My understanding, LbR, is that Kt was the original abbreviation but N was introduced post-war to simplify writing it. The traditionalists (of whom I would undoubtedly have been one) howled their protests this change! So P-KN4 would have been a valid move in descriptive notation which, if played by White, could be written much more succinctly in algebraic notation as simply g4. (In algebraic if you are moving a pawn you don’t need to write P, as the absence of a piece letter implies it is a pawn move).

        One of the key differences between the two forms of notation is that descriptive is based from the point of view of the player playing the move, so White’s KN4 square is Black’s KN5, but in algebraic that square is identified much more simply by the coordinates g4, where the files are designated a-h and the ranks 1-8.

        I could go on, but I’ll stop there.

    2. Crikey, I thought descriptive notation in chess died out over 50 years ago, although of course it is still necessary to understand it if you want to read historic chess books.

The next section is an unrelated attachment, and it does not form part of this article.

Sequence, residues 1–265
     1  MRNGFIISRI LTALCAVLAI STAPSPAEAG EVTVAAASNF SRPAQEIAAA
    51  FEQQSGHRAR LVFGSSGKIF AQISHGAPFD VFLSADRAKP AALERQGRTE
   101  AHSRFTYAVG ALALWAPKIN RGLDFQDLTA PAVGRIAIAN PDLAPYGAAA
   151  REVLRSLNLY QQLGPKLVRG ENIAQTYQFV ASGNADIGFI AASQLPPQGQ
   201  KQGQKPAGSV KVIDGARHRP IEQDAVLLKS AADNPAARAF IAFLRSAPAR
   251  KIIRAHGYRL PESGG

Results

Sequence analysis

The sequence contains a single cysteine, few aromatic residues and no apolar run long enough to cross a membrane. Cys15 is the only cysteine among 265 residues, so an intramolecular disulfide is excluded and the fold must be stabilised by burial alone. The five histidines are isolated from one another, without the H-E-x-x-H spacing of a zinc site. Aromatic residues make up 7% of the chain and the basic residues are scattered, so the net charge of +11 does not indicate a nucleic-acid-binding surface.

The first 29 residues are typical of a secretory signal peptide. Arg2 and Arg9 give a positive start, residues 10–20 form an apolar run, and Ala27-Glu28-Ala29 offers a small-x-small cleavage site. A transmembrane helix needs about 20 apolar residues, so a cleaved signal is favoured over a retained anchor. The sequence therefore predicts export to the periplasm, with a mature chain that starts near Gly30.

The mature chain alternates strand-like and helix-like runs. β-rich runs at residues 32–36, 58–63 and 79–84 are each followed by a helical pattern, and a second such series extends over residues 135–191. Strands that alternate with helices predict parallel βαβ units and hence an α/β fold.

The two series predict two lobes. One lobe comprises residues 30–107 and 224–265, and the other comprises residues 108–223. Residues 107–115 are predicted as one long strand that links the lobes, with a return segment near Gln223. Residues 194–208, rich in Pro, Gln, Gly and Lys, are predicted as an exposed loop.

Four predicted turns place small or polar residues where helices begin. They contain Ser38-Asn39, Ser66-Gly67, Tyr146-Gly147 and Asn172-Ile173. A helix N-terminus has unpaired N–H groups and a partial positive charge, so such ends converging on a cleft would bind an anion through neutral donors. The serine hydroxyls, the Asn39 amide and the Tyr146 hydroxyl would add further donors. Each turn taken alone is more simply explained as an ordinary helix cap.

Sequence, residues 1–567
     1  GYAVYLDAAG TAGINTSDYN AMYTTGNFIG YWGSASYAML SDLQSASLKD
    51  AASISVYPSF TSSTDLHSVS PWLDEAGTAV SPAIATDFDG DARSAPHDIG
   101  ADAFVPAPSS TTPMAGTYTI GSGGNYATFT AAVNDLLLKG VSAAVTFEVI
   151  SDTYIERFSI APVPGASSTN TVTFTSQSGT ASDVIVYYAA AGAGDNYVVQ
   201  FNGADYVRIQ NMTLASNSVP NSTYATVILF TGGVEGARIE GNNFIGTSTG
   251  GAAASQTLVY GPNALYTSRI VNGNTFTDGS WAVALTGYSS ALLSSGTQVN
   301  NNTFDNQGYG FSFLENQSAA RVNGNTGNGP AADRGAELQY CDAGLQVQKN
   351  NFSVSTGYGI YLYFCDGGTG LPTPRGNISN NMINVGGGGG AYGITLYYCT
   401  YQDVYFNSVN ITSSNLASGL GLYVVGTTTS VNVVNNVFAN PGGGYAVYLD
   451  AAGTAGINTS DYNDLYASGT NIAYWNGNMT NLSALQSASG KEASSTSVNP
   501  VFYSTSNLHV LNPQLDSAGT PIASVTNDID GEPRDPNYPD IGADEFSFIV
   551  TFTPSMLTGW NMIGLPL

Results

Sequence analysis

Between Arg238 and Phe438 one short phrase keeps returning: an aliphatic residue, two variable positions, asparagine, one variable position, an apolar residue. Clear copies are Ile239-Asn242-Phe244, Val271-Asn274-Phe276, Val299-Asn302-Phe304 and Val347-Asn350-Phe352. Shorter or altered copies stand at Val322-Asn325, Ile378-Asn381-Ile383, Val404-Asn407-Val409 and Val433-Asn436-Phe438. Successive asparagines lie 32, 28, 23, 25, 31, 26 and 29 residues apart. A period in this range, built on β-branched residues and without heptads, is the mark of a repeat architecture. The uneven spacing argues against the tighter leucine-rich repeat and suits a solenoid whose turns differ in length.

6. Well I really enjoyed it Windsurfer. Cottoning on to the canny theme certainly helped at the end with 7d & 26a which were 2 of my last 4 in. I had no clue as to what the stirs score in half preamble meant – not sure if I do now but guessed it may have something to do with can might make 10 appearances.
    6&19d were new words to me & wasn’t aware 10a was also a fort but the wordplay was clear. 13d,24a& best of all 4a were my picks.
    Many thanks

  7. I invariably struggle to get onto this setter’s wavelength and have to admit that this didn’t really ‘float my boat’ despite all the cans in evidence. Not to worry, just my problem I’m sure!
    Apologies to Windsurfer and thanks for all your efforts in constructing the puzzle.